17 Oct 2010

Shetland. Day 3. An elusive Pipit.

Wednesday dawned overcast and showery. Deciding to take a look for a juvenile Spotted Sandpiper that had been reported on Loch Strand we set off early intending to work a few local areas around south mainland. No sign of the Sandpiper but a Long-tailed Duck on the Loch was nice to see.

We were checking the gardens around Gott when Jase texted to say there was an Olive-backed Pipit at Quendale near the rifle range. A lifer for four of the group meant we were soon on our way. Expecting the pipit to be hidden in the iris beds I suggested not taking 'scopes and we set off up the track from the Mill. Roy Hargreaves, the finder, was still there when we arrived awaiting reinforcements as the pipit had flown off  with Meadow Pipits. Splitting up we slogged around the area searching likey boggy bits and Iris beds to no avail. A small group of Siskins provided a diversion by landing on some nearby thistle heads so at least the photographer in the group had something to do! A few Lapland Buntings passing overhead were picked up on call adding to an already impressive tally of this species I've seen this autumn.

A phone call from a number I didn't recognise threw me a bit. Should I answer it or not. It could be work related. Deciding to risk it I found Matt on the other end of a phone he'd borrowed from Rich Ford who'd photogrpahed what he thought was the OBP ten minutes previously on one of the cattle feeders where it had been originally found by Roy.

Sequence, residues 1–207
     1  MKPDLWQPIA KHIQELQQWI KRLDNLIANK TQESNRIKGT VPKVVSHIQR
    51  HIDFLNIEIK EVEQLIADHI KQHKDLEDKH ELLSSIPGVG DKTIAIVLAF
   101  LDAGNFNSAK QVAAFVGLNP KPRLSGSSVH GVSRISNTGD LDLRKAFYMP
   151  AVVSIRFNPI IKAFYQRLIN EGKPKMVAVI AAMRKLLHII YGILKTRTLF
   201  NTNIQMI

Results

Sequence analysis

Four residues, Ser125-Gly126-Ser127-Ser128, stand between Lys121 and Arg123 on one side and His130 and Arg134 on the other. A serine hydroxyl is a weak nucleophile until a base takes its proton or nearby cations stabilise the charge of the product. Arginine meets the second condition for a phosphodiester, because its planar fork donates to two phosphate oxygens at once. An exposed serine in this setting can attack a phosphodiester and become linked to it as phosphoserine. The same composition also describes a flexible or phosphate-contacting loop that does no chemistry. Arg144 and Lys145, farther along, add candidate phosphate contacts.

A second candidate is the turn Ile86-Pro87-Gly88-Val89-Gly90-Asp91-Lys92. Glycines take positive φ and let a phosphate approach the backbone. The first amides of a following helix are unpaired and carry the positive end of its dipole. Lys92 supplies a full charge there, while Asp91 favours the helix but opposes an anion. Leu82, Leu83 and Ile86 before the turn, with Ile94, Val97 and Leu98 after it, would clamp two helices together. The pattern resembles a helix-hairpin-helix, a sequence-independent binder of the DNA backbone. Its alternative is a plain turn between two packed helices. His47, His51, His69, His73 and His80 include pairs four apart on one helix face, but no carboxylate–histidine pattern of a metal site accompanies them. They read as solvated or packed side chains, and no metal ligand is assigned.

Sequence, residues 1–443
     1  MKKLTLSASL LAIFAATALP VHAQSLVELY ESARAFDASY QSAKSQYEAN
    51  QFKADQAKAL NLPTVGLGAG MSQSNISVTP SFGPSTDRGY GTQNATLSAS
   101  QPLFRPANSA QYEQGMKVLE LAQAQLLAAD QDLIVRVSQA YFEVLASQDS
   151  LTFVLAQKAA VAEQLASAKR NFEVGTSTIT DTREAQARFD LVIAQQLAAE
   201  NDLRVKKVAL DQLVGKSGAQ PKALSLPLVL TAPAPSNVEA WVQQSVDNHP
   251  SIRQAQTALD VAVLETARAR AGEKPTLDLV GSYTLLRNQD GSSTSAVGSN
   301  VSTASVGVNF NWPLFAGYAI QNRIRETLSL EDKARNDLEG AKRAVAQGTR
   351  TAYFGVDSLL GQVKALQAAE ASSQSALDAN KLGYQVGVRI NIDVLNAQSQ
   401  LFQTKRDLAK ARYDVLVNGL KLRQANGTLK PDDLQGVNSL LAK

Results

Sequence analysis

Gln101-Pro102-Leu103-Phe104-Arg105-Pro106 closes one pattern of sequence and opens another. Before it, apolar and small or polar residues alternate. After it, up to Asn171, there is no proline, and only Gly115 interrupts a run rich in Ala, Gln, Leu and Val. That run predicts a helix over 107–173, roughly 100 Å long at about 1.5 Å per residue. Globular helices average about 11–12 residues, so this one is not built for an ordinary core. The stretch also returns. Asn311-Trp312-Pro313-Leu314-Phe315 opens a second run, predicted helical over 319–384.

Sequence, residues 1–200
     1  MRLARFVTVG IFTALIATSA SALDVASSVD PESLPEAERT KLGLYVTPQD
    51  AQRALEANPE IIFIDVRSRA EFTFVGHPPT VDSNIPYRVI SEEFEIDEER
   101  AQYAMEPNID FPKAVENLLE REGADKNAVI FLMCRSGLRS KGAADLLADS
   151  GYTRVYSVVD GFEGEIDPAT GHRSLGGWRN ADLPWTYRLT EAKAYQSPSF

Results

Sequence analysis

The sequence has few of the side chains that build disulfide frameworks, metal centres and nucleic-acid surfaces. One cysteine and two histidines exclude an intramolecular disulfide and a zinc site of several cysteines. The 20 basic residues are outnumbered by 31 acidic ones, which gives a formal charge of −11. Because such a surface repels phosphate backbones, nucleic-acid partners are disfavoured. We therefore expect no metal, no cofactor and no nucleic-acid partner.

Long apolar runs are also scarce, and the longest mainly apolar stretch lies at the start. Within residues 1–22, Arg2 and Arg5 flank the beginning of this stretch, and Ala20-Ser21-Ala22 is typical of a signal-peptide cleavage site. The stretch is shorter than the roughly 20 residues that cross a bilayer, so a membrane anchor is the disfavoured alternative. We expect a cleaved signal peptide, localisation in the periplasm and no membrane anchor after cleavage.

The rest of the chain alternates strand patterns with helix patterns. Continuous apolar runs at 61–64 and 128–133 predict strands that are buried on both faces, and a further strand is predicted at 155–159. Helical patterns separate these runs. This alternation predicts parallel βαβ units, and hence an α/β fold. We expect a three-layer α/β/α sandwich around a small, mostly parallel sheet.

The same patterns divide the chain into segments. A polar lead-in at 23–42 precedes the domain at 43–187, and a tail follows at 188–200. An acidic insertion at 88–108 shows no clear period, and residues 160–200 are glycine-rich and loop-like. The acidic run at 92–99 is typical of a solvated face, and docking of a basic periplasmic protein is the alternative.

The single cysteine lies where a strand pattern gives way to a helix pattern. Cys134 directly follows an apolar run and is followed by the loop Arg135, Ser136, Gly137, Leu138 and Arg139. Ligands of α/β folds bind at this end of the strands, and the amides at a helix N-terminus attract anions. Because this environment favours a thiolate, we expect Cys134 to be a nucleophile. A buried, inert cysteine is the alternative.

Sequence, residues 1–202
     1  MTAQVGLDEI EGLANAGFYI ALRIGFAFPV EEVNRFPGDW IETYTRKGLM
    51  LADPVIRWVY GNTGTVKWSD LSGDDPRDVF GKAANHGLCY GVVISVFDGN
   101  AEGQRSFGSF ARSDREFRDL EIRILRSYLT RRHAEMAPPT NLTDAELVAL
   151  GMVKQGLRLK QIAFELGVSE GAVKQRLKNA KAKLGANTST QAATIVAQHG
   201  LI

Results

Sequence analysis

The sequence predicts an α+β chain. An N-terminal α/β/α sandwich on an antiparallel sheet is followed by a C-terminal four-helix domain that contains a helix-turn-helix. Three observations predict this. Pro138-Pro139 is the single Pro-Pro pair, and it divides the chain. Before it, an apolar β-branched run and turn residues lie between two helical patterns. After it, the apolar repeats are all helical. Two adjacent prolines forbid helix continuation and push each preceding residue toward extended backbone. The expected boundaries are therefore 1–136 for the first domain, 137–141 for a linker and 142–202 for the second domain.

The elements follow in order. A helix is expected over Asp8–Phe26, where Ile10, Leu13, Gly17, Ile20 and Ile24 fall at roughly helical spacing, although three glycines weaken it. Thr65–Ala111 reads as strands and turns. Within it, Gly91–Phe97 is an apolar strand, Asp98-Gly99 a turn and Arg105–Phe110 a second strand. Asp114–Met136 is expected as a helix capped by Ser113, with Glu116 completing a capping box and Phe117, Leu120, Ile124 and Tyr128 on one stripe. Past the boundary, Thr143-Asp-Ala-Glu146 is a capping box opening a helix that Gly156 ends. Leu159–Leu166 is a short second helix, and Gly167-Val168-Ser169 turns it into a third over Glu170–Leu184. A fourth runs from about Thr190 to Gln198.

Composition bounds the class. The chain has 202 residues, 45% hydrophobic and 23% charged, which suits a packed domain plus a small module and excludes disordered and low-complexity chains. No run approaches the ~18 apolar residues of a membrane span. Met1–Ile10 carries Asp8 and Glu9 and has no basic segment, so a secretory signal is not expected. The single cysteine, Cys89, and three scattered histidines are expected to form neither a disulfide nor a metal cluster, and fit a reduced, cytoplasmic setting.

A minor twitch ensued as fewer than a dozen people staked out the feeders from a respectable distance. Sure enough within minutes the pipit popped into view before dropping into the long grass and remaining hidden until it flew up the small burn leading away from the main valley. We all managed good views through borrowed scopes and I even managed a couple of record shots for Roy's BBRC submission.

We checked out the crop fields south of the mill again before having lunch and deciding what to do next. Daylight was rapidly running out when we received a call about a juvenile Rose-coloured Starling at Cunniingsburgh found by two visitng birders as they flushed it off a roadside verge doing 50 mph.  As it was on our way back to Lerwick we called in but failed to connect despite an intensive search of nearby gardens. Whislt searching even more Lapland Buntings flew over.

Another good day, with an excellent addition to four of the groups life lists in  Olive-backed Pipit, was rounded off with Mikes superbly cooked dinner, a couple of beers and a promise we'd go to Unst to search for Arctic Redpoll the next day - only if we got up early enough to esnure we could get back to the mainland in case something really good was found! Some people took it literally and fell asleep watching TV.

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